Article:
Bayern cruise past Tottenham in Group B dead rubber

José Mourinho rests key players but Parrott stays on the bench

Thomas Muller celebrates with Alphonso Davies after scoring Bayern’s second against Spurs. Photograph: Phillipp Guelland/EPA

Thomas Muller celebrates with Alphonso Davies after scoring Bayern’s second against Spurs. Photograph: Phillipp Guelland/EPA

 

Bayern Munich 3 Tottenham Hotspur 1

José Mourinho rested key players with Tottenham already certain to finish this Champions League group in second place. The manager had wanted the club’s fringe players to show their ability, to possibly give him one or two selection headaches for the Premier League challenges ahead.

First the good news. Ryan Sessegnon, in his first Spurs start, showed flickers of his pace on the left wing, worked diligently in defence and enjoyed a moment he will never forget when he lashed home the equaliser for 1-1. Sessegnon had plenty of time to feel the hammer of his heart but concentrated purely on the cleanness of the finish. But the positives for Mourinho were hardly abundant and he will have felt a small dent in the momentum and feelgood factor that he had built up over the first five games of his tenure.

Bayern Munich were simply too good. Happily for Spurs, this was not another shellacking to follow the 7-2 in October, a result that served to usher Mauricio Pochettino towards the exit door. But there was the impression that they played slightly within themselves and glaring weaknesses in the Spurs rearguard were still highlighted.

Kingsley Coman, Thomas Müller and the excellent Philippe Coutinho got the goals and Bayern will be intimidating opponents in the knockout rounds, despite their recent domestic struggles. For Spurs, attention turns to the visit to Wolves on Sunday, which will be followed by the home game against Chelsea on Sunday week.

Everything was fixed beforehand in terms of the group permutations, with Spurs knowing that they will be paired with Paris St-Germain, Juventus, Barcelona, RB Leipzig or Valencia in the last 16 draw next Monday. Playing the second leg of that tie away from home will be a big disadvantage in Mourinho’s eyes, but, if Spurs get through to the open draw for the quarter-finals, he feels anything can happen.

Spurs brought precious little intensity to the opening exchanges, which would have irked Mourinho. Bayern were allowed to take a grip, passing the ball around with ease and making inroads up the left flank in particular, where Kingsley Coman advertised his threat and Alphonso Davies also caught the eye.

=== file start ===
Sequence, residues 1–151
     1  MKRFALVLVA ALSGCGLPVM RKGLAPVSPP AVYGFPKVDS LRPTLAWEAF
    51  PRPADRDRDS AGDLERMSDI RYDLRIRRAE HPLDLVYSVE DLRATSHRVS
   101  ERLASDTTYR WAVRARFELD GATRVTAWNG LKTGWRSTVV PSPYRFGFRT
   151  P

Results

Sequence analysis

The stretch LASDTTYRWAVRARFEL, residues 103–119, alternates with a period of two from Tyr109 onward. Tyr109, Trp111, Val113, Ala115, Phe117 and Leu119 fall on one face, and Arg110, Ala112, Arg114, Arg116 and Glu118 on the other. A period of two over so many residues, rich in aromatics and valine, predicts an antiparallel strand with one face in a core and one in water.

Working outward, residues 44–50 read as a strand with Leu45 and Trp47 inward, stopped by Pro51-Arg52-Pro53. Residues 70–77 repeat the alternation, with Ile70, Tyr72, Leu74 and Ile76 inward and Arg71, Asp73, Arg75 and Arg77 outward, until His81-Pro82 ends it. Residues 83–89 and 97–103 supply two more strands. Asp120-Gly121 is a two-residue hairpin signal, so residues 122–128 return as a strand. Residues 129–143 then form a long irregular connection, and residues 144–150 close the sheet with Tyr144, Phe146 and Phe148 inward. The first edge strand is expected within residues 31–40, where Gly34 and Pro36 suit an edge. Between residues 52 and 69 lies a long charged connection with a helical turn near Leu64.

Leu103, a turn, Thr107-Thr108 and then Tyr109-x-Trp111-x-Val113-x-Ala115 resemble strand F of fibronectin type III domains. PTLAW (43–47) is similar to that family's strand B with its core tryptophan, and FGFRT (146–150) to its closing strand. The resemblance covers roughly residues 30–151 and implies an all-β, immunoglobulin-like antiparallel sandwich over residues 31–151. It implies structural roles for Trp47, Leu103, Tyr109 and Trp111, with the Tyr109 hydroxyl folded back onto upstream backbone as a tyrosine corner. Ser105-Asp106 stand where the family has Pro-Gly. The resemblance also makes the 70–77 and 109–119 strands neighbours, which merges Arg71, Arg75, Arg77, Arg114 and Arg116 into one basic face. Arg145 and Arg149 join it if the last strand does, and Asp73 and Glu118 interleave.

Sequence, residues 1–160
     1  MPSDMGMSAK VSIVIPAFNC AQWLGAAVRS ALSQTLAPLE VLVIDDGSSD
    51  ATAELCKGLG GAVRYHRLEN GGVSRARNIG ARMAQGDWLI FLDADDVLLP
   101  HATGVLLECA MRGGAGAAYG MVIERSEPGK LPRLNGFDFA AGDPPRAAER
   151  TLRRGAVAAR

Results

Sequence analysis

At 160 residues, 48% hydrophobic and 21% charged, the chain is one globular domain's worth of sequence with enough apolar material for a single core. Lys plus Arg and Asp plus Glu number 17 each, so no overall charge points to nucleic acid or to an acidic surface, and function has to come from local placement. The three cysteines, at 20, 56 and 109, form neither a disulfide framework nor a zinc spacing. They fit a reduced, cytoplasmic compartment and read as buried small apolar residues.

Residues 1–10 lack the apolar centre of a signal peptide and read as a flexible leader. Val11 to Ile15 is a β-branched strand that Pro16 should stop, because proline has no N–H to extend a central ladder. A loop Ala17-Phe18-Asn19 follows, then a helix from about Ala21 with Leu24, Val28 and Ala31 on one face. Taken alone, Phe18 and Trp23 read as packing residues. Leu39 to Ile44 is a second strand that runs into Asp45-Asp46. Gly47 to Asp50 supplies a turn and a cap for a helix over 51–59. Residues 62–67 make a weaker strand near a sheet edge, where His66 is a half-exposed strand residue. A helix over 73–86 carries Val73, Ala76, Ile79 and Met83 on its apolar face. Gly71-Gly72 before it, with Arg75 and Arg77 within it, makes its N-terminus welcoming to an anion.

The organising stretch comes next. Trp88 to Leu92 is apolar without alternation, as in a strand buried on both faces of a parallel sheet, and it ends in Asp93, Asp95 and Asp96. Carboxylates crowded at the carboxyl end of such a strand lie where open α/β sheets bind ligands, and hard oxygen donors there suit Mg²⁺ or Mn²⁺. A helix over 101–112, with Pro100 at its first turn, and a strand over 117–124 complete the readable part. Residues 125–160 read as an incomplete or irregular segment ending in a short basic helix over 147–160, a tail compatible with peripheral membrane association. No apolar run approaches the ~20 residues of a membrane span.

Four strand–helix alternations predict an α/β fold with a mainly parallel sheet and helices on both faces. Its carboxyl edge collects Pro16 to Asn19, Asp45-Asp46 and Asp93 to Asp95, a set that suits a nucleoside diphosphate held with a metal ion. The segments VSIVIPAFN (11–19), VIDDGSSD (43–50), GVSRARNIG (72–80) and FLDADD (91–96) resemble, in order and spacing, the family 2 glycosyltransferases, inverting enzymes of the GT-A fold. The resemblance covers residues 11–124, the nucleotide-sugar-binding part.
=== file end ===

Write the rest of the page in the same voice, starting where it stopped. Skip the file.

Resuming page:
It was no surprise when Bayern went ahead. They had gone close moments earlier when Benjamin Pavard drew a sharp save out of Paulo Gazzaniga and Thiago Alcântara could not smuggle home the rebound. The goal came when Serge Gnabry’s low cross deflected off Moussa Sissoko and fell kindly for Coman, who beat Gazzaniga with a composed finish. What a shame that Coman would not last much longer, a freak injury, which involved him getting his studs stuck in the turf and going down with a look of pure horror on his face, forcing him off.

Ryan Sessegnon scores for Tottenham Hotspur against Bayern Munich. Photograph: Odd Andersen/Getty/AFP
Ryan Sessegnon scores for Tottenham Hotspur against Bayern Munich. Photograph: Odd Andersen/Getty/AFP

At 1-0, it was possible to fear for Spurs. Apart from one Sessegnon burst and shot, they had offering nothing. But they were visibly settled by Sessegnon’s equaliser, which followed a ball from right to left from Giovani Lo Celso that deflected on its way through to Sessegnon. The 19-year-old was confronted by Manuel Neuer and it was quite the moment for him. The feeling when his shot ripped past the World Cup winner at the near post must have been priceless.

Spurs might have led on 33 minutes had Sissoko not fluffed the final ball when gloriously placed but they always looked vulnerable at the back. Too often they were hesitant while the space that they allowed on their right flank was the worst kind of generosity.

They rode their luck when Alcântara somehow missed an open goal after Gnabry’s shot had come back off the post but they soon fell behind again. Gnabry’s cross deflected off Toby Alderweireld, Davies’s shot hit the post and Thomas Müller, on as a substitute, stabbed home from close range. The damage at half-time could easily have been worse: Philippe Coutinho’s shot from 25 yards came down off the underside of Gazzaniga’s crossbar but did not cross the line.

Bayern’s interim manager, Hansi Flick, had started with Robert Lewandowski on the bench even though the month-long Bundesliga winter break will begin for his team on Sunday week, yet his lineup still bristled with quality. The assurance of Alcântara and Coutinho in possession is always a joy to watch, while the threat from wide areas was pronounced.

One of Mourinho’s laments has been the lack of time he has had with his players, how he must develop his style “while we are running”. It felt very much like that here, with Spurs lacking cohesion. Eric Dier and Sissoko struggled to set any kind of tone in possession from central midfield.

The atmosphere was subdued for long spells and Bayern were strolling again from the beginning of the second half. Mourinho felt the competitive juices take over and he readied Son Heung-min as a substitute. But Bayern were 3-1 up by the time he got on courtesy of the goal that Coutinho deserved. The Brazilian dropped his shoulder and, with Sissoko not tight enough, bent a beautiful shot into the far corner from the edge of the area. - Guardian

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